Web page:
And even accepting a certain level of aversion to monopolies, there appears to be a well-established distinction between general commercial monopolies — exclusive government grants to engage in existing trades and enterprises — and the “monopolies” recognized for inventors and authors.

Nearly a century and a half before the Bill of Rights, in 1641, the Massachusetts General Court established the Body of Liberties, “the first legal code established by European colonists in New England.” Among its provisions: “No monopolies shall be granted or allowed amongst us, but of such new Inventions that are profitable to the Countrie, and that for a short time.” A similar law was passed by Connecticut in 1672: “That there shall be no Monopolies granted or allowed amongst us, but of such new Inventions as shall be judged profitable for the Country, and that for such time as the General Court shall judge meet.”

At least one supporter of general monopolies sought to persuade of their benefit by making a favorable comparison to copyrights and patents. American pastor Nicholas Collin, writing in response to those amendments offered by the four states to limit monopolies, noted that though they are “in general pernicious”, “exceptions must be admitted.”10 Collin spoke of the “risk and expense” that a company of merchants undertook to establish a trade in new and remote markets, and the benefit to the public that would result from an exclusive grant to such merchants. “A temporary monopoly of this kind,” said Collin, “may be vindicated upon the same principles upon which a like monopoly of a new machine is granted to its inventor, and that of a new book to its author.”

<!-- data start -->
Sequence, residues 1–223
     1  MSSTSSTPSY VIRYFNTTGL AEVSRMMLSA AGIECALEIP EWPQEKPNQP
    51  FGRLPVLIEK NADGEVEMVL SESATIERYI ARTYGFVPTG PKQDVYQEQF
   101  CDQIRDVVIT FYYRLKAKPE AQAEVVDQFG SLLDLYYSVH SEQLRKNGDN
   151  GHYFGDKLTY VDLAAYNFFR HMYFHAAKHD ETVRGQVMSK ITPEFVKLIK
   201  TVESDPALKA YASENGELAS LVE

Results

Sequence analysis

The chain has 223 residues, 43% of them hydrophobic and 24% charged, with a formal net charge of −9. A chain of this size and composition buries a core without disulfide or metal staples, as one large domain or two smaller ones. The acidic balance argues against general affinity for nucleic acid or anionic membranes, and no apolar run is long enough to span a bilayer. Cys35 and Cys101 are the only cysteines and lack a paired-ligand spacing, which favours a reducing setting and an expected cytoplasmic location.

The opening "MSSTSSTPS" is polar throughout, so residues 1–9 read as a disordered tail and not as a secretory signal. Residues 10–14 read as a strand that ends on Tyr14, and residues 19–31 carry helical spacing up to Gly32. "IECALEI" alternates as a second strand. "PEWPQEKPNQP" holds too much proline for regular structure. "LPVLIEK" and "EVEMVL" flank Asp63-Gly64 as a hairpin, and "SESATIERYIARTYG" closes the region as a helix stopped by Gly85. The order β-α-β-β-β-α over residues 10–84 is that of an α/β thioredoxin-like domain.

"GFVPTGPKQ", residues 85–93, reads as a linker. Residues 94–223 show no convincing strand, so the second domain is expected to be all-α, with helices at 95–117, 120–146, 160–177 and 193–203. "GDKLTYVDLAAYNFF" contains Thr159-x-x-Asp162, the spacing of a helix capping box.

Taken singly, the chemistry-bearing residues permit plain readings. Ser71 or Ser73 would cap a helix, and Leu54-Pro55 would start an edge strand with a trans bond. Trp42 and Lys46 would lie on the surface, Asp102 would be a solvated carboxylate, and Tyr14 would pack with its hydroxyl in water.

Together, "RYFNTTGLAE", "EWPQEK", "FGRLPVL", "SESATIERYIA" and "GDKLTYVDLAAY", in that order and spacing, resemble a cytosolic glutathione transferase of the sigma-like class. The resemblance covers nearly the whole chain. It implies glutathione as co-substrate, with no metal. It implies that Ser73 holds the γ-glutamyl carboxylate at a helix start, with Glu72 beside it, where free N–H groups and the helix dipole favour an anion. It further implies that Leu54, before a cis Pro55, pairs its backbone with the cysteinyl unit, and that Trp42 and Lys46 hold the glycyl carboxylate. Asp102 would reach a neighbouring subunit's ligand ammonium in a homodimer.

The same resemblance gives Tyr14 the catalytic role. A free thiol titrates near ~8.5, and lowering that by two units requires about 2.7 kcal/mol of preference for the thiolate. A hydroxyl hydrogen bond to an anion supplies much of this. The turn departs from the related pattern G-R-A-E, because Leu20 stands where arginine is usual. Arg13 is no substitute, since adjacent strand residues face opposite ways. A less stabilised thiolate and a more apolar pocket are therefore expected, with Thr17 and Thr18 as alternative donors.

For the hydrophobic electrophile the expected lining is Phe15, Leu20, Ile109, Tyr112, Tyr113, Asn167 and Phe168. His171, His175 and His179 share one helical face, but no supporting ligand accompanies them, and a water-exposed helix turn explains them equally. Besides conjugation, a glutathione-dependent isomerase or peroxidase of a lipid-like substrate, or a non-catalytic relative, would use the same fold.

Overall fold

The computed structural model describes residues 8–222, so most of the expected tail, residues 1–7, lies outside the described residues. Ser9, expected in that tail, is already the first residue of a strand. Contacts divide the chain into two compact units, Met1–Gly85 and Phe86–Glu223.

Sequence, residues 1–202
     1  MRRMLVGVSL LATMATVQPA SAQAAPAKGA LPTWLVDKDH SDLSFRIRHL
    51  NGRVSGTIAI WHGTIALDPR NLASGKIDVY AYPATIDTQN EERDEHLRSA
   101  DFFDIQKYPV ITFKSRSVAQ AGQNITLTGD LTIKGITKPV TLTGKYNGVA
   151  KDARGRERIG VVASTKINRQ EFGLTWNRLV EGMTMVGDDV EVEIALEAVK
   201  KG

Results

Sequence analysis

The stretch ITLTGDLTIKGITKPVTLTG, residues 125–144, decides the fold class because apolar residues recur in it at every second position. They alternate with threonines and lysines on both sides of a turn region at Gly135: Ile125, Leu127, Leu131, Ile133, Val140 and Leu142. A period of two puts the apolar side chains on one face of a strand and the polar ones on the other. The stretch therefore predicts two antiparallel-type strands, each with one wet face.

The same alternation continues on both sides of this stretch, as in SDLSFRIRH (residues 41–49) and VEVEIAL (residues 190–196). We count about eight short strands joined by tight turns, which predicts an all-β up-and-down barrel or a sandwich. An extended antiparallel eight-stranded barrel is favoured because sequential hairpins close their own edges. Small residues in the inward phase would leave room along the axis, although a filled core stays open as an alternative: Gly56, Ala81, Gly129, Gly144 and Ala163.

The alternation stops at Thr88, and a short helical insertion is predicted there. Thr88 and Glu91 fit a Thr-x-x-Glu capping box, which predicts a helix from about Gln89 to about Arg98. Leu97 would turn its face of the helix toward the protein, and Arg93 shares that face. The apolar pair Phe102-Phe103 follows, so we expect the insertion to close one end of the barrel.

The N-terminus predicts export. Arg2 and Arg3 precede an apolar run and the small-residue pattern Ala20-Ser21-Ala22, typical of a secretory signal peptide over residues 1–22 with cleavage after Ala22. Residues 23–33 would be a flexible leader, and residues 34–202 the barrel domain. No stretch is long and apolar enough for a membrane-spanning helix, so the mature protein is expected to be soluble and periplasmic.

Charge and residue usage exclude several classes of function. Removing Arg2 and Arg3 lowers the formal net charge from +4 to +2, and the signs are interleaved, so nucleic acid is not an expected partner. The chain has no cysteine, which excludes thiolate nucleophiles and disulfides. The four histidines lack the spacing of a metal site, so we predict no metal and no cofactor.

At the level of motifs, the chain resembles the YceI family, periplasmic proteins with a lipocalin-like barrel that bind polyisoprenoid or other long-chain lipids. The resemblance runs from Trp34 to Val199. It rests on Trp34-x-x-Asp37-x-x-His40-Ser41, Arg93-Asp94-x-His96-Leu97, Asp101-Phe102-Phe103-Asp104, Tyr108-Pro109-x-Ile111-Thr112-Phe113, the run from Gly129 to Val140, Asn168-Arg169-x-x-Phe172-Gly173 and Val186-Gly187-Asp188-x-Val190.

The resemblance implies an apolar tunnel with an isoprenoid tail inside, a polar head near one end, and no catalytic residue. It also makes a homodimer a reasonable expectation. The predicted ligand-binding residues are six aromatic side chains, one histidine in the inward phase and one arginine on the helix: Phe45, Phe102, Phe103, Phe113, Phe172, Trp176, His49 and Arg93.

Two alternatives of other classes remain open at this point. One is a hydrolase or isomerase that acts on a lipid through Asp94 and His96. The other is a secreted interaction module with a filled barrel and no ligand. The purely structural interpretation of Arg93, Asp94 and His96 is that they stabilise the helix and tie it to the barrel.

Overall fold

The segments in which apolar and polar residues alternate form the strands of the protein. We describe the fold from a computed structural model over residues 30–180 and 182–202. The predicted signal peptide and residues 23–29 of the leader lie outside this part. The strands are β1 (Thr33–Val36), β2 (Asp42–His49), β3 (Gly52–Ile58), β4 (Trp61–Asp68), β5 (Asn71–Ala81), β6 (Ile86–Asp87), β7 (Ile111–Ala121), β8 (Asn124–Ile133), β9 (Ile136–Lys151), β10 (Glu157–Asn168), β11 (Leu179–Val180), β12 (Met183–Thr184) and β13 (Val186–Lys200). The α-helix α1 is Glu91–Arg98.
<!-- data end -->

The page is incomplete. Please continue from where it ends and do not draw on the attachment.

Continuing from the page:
Perhaps the strongest distinction was made by future Supreme Court Justice James Iredell, who, writing as “Marcus,” printed his pamphlet on “Answers to Mr. Mason’s Objections” in January, 1788.11 Iredell responded to Mason’s claim that the Necessary and Proper Clause allowed Congress to grant trade monopolies, stating that no language in the Constitution could allow such power. Iredell saved his sharpest rebuke for this footnote:

One of the powers given to Congress is, “To promote the progress of science and useful arts, by securing for limited times to authors and inventors the exclusive right to their respective writings and discoveries.” I am convinced Mr. Mason did not mean to refer to this clause, he is a gentleman of too much taste and knowledge himself to wish to have our government established upon such principles of barbarism as to be able to afford no encouragement to genius.